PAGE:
Decades before smartphones were even imagined, Elizabeth Lane (Barbara Stanwyck) has created an Instagram-perfect fake image of her life in the housekeeping column she wrote for a women’s magazine.
Unmarried, childless, living in a city apartment and unable to cook, she writes about the sprawling Connecticut farm she shares with her husband and their baby and the lavish meals she cooks there. Readers of the magazine eat it up and demand more and more. Things are going pretty well for Elizabeth, who is even making enough money to buy a mink coat (which EVERY woman from the 1940s to the 60s seems unfailingly to want).
Until the day when an imbroglio involving her boss, an unrefusable Christmas request, her longtime suitor and a dashing war veteran forces her to confront the falseness of the story she has woven and she must find a way to make the fiction become real…
Christmas in Connecticut is much more of a madcap, implausible story than The Shop Around the Corner, but still delivers on nostalgia and a certain kind of old-fashioned humor.
The Apartment (1960)
The most modern of the black and white films I’m presenting here, both in its year of production and the content it presents, The Apartment is a cute and rather sweet story that happens to take place around Christmastime.
C.C. Baxter (Jack Lemmon) plays a put-upon insurance company employee who has begun lending his apartment to his bosses for their dalliances with mistresses and doesn’t know how to get out of the situation. Dangling the prospect of a promotion in front of his eyes, they occupy his home every evening, leaving him to stand outside in the cold or work extra (unpaid) hours after everyone else has left. Meanwhile, his neighbors grow increasingly impatient with the constant parties and nonstop parade of different young women through the building. Baxter can only sigh and promise them to be more quiet as he frets over how to extricate himself from the mess, which could also spell the end of his job if the big boss ever finds out.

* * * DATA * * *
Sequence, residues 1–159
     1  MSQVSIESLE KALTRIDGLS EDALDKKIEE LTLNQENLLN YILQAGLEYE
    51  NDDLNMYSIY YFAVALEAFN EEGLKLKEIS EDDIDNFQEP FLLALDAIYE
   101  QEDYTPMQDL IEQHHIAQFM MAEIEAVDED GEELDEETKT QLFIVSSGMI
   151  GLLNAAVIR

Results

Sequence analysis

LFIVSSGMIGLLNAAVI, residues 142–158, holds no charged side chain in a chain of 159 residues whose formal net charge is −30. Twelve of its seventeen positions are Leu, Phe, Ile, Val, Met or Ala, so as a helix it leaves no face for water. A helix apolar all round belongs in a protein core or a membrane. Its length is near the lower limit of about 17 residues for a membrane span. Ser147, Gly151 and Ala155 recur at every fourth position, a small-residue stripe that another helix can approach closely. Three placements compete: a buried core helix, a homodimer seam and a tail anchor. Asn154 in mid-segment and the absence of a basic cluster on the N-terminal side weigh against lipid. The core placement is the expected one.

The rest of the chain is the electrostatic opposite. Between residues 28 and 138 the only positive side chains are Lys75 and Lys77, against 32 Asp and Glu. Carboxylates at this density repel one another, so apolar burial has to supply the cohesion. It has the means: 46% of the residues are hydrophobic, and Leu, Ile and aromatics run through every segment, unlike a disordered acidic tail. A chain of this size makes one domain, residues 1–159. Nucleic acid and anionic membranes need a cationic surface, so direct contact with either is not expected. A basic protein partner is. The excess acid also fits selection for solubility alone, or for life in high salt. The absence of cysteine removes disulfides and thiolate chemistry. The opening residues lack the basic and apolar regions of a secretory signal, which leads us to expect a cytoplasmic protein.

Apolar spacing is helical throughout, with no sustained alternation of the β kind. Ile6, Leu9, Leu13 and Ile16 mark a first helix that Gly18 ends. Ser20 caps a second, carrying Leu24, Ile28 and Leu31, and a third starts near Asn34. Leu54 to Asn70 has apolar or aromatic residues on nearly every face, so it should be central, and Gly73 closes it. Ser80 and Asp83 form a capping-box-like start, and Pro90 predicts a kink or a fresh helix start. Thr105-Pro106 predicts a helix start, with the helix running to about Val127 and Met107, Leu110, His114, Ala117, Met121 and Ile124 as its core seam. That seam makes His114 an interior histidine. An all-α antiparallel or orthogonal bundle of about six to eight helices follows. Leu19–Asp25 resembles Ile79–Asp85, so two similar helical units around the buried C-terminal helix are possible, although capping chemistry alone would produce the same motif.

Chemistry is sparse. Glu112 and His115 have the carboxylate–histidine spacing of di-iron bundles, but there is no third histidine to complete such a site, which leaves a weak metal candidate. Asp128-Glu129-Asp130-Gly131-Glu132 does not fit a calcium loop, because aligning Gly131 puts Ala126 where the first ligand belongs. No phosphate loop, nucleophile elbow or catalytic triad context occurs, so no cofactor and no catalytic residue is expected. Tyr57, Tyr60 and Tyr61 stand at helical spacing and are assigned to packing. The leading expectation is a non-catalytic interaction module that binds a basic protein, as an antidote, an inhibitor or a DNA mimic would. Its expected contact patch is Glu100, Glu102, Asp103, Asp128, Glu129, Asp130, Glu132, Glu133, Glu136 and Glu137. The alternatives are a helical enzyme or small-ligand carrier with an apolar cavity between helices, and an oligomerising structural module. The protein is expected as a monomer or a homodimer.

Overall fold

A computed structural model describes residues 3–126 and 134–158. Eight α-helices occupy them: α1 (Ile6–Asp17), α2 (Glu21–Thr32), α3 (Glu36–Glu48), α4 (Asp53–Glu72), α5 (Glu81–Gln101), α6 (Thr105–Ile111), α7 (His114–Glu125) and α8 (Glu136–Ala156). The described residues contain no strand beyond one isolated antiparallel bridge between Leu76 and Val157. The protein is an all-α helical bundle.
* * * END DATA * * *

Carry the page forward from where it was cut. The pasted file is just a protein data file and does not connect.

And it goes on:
At work, Baxter has grown fond of a sarcastic but cute elevator operator, Fran Kubelik (Shirley MacLaine), who also has a melancholy side. One married executive after another tries to pick her up without success, and Baxter wonders what his chances with her might be. Perhaps when he finally gets that promotion he’ll be in a position to try. Meanwhile, Miss Kubelik has a secret of her own…
I loved this film’s aesthetic, with the worker-bee office setting (and company Christmas party that must have served as inspiration for Mad Men) and the very cozy looking apartment that made me want to move right in – if the executives would stop coming around with their girlfriends, that is. And I was especially fond of Baxter’s frustrated neighbors, one of whom calls him a “beatnik” upon discovering he has no napkins in the house.